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France and Germany’s economies hit by eurozone slump as UK bounces back

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Economies in the eurozone are growing at half the pace of the UK’s, according to figures published by the European Union’s own statistics division – with Germany and France doing even worse.

And one UK-based economist has warned countries in 19-strong monetary union to brace themselves for a “muted” recovery – in contrast to Britain, which bounced back out of recession this week.

The Eurostat data indicates GDP across the region grew by 0.3 percent in the first quarter of 2024 – half the UK’s figure on 0.6 percent.

Furthermore, Capital Economics’s Andrew Kenningham warned Brussels the figures did not offer a true reflection of the position.

He said: “The increase in the first quarter was partly due to a weather-related rebound in construction activity which is unlikely to be repeated.”

Consequently, the recovery would be “quite muted”, Mr Kennington explained.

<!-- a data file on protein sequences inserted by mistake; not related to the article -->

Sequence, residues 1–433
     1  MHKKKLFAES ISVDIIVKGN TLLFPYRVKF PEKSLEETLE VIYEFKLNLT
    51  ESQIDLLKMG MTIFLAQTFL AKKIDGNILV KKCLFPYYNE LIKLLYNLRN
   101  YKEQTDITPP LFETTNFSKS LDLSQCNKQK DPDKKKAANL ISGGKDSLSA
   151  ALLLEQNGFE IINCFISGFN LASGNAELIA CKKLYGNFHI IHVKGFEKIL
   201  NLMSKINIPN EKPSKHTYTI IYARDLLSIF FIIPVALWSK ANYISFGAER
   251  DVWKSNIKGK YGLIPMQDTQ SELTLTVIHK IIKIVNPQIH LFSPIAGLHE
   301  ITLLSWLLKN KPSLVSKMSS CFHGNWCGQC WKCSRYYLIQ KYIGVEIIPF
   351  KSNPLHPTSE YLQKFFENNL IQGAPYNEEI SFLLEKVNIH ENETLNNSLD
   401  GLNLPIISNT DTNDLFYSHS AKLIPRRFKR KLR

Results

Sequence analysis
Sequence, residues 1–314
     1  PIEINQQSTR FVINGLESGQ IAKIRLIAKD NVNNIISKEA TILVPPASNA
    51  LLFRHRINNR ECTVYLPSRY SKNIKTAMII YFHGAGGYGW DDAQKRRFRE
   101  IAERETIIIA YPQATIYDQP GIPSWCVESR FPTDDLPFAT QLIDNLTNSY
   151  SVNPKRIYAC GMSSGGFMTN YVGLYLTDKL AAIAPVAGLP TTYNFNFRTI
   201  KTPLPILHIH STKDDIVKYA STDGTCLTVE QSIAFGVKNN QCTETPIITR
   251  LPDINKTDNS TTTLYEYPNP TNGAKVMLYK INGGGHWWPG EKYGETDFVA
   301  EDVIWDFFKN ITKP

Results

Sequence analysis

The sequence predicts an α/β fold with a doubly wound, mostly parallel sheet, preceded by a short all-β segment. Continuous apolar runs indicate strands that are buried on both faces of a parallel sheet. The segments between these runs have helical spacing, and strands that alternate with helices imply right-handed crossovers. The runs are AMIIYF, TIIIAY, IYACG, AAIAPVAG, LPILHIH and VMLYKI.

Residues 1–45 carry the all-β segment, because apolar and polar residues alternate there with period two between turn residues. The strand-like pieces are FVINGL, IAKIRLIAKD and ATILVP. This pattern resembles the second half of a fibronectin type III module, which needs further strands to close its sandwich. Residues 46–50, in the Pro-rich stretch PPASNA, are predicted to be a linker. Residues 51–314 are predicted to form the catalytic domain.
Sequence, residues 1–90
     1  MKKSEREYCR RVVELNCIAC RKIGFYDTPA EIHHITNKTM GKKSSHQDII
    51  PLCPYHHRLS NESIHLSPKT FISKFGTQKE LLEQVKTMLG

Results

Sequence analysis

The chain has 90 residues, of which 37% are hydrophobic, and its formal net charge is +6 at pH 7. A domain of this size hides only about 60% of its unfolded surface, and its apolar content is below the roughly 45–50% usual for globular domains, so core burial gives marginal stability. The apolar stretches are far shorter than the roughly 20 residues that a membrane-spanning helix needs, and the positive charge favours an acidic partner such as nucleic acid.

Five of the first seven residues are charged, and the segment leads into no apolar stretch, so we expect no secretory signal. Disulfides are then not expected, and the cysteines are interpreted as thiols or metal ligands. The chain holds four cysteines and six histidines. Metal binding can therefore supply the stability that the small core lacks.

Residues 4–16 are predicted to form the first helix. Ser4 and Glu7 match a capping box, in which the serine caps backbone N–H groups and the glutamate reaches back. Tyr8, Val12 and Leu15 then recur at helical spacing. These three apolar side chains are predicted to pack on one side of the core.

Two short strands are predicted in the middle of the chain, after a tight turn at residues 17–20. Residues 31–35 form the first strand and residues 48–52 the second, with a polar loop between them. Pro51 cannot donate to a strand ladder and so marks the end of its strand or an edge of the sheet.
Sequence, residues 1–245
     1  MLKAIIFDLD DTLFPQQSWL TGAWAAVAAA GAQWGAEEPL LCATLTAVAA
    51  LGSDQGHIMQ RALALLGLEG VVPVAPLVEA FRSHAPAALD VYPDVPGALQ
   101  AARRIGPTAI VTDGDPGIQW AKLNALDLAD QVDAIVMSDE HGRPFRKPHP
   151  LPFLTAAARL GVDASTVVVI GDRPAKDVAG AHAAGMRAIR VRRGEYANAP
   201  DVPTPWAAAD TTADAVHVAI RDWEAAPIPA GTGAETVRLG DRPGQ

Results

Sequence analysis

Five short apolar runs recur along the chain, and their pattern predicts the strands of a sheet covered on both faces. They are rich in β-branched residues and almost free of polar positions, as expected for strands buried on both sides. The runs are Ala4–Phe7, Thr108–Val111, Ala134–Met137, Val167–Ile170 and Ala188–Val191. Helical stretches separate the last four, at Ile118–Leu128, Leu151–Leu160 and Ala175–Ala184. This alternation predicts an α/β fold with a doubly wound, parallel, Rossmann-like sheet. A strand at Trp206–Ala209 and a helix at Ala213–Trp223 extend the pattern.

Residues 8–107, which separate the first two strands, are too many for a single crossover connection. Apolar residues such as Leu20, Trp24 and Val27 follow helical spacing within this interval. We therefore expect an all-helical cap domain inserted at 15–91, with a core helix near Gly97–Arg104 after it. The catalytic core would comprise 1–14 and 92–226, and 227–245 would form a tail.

Perhaps most strikingly, the bloc’s two major economies – France and Germany, led by Emmanuel Macron and Olaf Scholz respectively – recorded the slowest growth, just 0.2 percent.

Germany has therefore failed to claw back all the ground lost in the last quarter of last year, when its economy contracted by 0.5 percent.

Carsten Brzeski, economist at ING, said: “Despite a generally strong labour market there is collective concern about a potential loss of prosperity and declining competitiveness in Germany.”

He added: “German employment might be at a record high level, but the number of people in part-time employment has also risen to historic highs recently.”

At the end of 2019, 45 million Germans had a job, with 11 million working in part-time jobs, Mr Brzeski pointed out.

Four years later, after the pandemic, total employment stood at 46 million, but the number of people working in part-time jobs had increased to nearly 12 million, he added.

He said: “As a result, the total number of hours worked was down to 61.8 billion in 2023, compared with 62.3 billion in 2019.”

Speaking to Sky News earlier this week after the release of the better-than-expected ONS figures, Prime Minister Rishi Sunak hailed them as proof that the UK economy had “turned a corner” eight years after Brexit.

He added: “I am pleased that while there’s more work to do, today’s figures show that the economy now has real momentum, and I’m confident that with time, people will start to feel the benefits of that.

“We’ve had multiple months now where wages are rising, energy bills have fallen, mortgage rates are down and taxes are being cut… I’m pleased with the progress that we’re making.

“I am confident the economy is getting healthier every week.”

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